The aim is not to discover an absolute finite understanding of what it is to be a designer but rather a better understanding of what kind of designer I am and what type of designer I want to avoid becoming.
The decision was made to write a series of articles that would be an enquiry into design itself. The pieces aim to better understand several current issues within the discourse of design, these articles were published online with the hope that other members of the design community (and beyond) could find them and benefit from them. The writing is in no way directed at having all the ‘answers’; rather, they represent my current perspective on design and the world that this design has created. The best-case scenario for these articles is for ‘designer’, artists, pyschologists, etc (basically anyone) to read the articles and use them as a stepping off point to have a further discussion concerning the issue. In many ways I am hoping someone reads an article and feels like they wholeheartedly disagree because this will only start dialogue and further the field.
Rules to break the rules (Understanding the rules to break them)
We make assumptions on a daily basis. A concept that has been discussed previously is the biases and assumptions made by designers. However, what about the assumptions made about the design process and industry itself?
“Gangsters can agree on a code of behaviour, but designers can’t. Crime is more organised than design”.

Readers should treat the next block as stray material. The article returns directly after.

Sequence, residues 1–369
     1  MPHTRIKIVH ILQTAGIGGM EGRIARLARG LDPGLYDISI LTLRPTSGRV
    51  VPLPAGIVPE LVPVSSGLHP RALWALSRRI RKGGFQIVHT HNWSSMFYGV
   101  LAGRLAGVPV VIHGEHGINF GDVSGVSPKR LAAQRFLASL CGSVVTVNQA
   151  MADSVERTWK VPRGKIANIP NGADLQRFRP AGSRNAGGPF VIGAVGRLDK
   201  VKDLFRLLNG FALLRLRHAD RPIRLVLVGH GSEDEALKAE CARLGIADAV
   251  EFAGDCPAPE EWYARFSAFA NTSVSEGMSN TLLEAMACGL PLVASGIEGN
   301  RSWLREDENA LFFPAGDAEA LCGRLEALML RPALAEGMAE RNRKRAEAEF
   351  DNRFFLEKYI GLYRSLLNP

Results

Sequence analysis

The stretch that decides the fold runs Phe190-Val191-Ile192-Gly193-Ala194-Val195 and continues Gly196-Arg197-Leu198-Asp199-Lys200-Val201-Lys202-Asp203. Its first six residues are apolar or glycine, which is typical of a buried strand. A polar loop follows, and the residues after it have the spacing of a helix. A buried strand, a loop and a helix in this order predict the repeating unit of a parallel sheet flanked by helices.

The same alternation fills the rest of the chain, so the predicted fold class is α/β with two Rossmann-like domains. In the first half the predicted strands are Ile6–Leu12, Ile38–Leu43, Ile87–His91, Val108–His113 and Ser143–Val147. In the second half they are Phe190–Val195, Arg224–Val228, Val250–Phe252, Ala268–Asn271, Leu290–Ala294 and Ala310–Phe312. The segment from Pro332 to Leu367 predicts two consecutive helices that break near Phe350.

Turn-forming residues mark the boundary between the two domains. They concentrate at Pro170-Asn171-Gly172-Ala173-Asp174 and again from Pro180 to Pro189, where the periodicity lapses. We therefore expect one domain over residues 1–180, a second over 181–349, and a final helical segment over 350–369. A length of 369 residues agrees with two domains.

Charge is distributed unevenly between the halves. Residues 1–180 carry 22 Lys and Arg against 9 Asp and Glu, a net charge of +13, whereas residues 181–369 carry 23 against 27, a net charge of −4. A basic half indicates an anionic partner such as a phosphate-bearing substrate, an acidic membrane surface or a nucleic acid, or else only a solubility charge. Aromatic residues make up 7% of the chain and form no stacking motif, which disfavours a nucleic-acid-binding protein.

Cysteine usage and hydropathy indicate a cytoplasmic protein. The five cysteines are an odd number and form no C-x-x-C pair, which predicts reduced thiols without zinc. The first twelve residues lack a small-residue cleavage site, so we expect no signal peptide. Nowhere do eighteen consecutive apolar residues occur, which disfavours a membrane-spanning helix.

– Mike Monteiro
Removing bias in design (You can’t)
As the title of this article indicates, there is a common discussion around avoiding bias in design. The crucial phrasing of that is the ‘removing’; before anyone can start the process to better understand the biases they posses they must know that biases are impossible to remove. Whether implicit, explicit, conscious or unconscious, they are inherent to human beings and, therefore, it would be unnatural to be without them.
“You can be biased towards or against many things including ideas, cultures, individuals, race, gender, sexuality, political standpoints, social class, species, etc.”
– Interaction Design Foundation
Design-Action-Gap (Do we always do the right thing?)
The crux of this discussion is the disconnection and dissonance between what you know to be the action you should be taking and the action you will realistically take. Furthermore, how does that apply to designers? This begs the question: do designers know what they need to do? Or equally what they should do?
“You know what to do, but you can’t seem to make yourself do it right.”
– Mel Robbins
Education vs Literacy (Does being educated and literate make you a designer?)
There is a crucial difference between being a student of design as Potter suggests and simply being an individual studying design in an institution (student). Therefore, this starts a discussion concerning the difference between being educated and literate in design. The hope is that through better understanding which of these titles I possess I will better situate myself within design and therefore where the work/artefacts I produce are situated.
“By the word ‘student’, therefore, I mean those who still question what they are doing, and ask why”.
– Norman Potter
I do not have a white creative saviour complex… (…Do I?)
In this article the aim is to explore who designers really are. As a profession they have a power that many others could not imagine, with the ability to change peoples lives all over the globe. Whether that is for the better or for the worse is entirely up to the designer…
“You either die a hero, or you live long enough to see yourself become the villain.”
– Harvey Dent (Batman: The Dark Knight)